Panax quinquefolius L.
Habitat: Rich, shady northern hardwood forests. [Hardwood to mixed forest (forest, upland)]
Range: Eastern North America, south to northern Florida and occasionally west to Manitoba. Primarily a species of the Appalachian hardwood forests.
Aids to Identification: Ginseng is a fleshy-rooted herb that grows about 25 cm high and bears several palmately compound leaves at the top of the stem. The five leaflets are elongate-oval in shape with the lowermost two smaller than the upper three. The small, yellowish-green flowers are borne in an umbel on a short stalk above the leaves and develop into bright red berries. Ginseng is most likely to be confused with its close relative, wild sarsaparilla (Aralia nudicaulis), which is present in almost any upland woods in Maine. Wild sarsaparilla also has five leaflets, but these are pinnately arranged, i.e., the lowest two are separated from the upper three, and its flowers are borne on a leafless stem.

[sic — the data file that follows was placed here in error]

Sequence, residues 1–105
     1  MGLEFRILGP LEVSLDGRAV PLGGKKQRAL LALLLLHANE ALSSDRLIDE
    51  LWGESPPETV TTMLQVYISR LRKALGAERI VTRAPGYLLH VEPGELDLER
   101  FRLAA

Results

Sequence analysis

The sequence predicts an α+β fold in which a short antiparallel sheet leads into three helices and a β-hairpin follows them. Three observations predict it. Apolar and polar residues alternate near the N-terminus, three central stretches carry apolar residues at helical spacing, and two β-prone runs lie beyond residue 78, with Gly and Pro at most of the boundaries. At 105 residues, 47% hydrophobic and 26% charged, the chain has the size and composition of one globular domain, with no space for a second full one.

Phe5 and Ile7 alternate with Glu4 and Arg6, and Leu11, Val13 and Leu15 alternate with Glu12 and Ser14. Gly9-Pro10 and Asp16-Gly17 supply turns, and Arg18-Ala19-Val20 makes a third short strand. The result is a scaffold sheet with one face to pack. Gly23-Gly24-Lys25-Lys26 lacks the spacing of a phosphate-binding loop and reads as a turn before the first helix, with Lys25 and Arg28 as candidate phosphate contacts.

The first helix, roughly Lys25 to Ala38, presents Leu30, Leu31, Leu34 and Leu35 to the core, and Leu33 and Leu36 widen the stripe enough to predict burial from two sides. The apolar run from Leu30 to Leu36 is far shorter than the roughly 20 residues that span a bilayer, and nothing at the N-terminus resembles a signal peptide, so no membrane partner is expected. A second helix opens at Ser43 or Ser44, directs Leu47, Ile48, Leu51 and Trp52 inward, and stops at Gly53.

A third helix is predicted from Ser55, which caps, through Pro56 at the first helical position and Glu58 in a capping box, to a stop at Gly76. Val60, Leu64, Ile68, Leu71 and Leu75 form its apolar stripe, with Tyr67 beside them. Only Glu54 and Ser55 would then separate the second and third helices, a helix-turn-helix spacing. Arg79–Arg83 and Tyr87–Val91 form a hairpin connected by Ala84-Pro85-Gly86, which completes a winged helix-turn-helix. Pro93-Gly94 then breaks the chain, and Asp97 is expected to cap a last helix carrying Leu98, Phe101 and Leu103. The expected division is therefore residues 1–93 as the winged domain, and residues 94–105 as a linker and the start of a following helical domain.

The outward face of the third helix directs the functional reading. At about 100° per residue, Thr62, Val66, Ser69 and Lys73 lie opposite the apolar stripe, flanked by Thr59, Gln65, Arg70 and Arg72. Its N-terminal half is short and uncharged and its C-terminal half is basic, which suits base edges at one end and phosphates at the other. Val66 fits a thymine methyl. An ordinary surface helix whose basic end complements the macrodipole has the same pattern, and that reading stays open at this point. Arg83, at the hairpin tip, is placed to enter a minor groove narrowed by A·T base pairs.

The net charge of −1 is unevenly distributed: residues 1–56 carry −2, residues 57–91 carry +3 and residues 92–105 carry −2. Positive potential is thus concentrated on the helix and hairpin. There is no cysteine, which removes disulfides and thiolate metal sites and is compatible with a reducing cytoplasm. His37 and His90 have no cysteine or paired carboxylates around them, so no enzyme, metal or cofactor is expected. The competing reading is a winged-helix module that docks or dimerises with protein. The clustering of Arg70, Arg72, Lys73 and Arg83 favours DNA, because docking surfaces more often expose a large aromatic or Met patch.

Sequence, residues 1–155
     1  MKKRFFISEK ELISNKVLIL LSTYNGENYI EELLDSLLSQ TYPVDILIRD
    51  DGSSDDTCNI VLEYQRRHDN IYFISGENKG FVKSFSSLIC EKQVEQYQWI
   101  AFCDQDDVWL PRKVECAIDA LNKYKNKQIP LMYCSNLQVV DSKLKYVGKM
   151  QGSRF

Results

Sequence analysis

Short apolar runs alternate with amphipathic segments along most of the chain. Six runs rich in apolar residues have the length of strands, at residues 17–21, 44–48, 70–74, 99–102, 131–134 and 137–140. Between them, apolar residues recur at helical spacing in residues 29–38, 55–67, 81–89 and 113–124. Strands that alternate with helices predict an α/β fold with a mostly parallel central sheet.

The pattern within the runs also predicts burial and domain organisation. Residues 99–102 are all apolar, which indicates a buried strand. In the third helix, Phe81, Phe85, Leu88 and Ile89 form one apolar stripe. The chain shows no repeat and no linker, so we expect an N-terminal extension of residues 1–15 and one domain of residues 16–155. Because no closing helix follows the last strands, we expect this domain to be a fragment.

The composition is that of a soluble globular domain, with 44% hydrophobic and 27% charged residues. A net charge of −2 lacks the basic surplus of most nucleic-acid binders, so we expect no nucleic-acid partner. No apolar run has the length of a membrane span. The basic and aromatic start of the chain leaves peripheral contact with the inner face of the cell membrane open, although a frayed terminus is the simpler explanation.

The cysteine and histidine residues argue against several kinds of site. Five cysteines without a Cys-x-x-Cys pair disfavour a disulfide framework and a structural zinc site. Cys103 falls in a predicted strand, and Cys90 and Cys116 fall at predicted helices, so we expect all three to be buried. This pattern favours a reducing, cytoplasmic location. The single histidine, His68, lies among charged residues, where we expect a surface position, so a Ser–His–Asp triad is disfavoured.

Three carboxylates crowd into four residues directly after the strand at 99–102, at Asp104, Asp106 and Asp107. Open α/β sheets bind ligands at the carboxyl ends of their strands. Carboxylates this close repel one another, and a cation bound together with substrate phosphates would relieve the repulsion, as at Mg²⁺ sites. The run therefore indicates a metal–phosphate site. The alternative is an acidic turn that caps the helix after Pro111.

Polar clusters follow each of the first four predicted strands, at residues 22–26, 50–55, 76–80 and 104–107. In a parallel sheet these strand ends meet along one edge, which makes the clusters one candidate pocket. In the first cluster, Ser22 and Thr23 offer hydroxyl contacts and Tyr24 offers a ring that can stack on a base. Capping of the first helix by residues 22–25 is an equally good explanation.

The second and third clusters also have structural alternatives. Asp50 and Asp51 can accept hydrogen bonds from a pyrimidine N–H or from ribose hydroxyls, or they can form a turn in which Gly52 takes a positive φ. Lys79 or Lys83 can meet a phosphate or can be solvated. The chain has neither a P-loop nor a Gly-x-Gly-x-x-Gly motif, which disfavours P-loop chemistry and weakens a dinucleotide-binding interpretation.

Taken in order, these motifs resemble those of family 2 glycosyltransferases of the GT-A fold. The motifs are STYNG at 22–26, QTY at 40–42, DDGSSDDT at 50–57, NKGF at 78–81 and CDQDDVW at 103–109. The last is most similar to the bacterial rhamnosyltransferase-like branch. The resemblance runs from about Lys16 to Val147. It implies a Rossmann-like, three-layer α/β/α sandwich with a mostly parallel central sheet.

Ecological characteristics: Ginseng occurs in rich hardwood forests where the soils are locally enriched with nutrients. Sugar maple, yellow birch, and white ash are the most common tree associates; basswood often occurs and can be a good indicator species. Ginseng often occurs at the base of rock outcrops or hillslopes where nutrient-rich colluvium has collected. Herbaceous plants often growing with ginseng include Goldie's fern (Dryopteris goldiana), silvery spleenwort (Deparia acrostichoides), and blue cohosh (Caulophyllum thalictroides). The plant does not spread vegetatively, and most known ginseng populations in Maine consist of fewer than a dozen plants.
Phenology: Herbaceous perennial; flowers in June, fruits ripen in September.
Synonyms: None noted.
Known Distribution in Maine: This rare plant has been documented from a total of 33 town(s) in the following county(ies): Androscoggin, Franklin, Kennebec, Oxford, Penobscot, Piscataquis, Somerset, York.
Reason(s) for rarity: Naturally rare because it is near the northern limit of its range, and there is scarcity of suitable forest microhabitat. Several sites have declined or disappeared due either to harvesting the plants for their roots or to heavy cutting of the forest habitat.
Conservation considerations: Recent interest in ginseng as a cash crop may lead to woodland plantings of this species. All planted populations should be carefully documented so as not to be confused with native populations in the future. Natural Maine populations are not large or vigorous enough to sustain harvesting.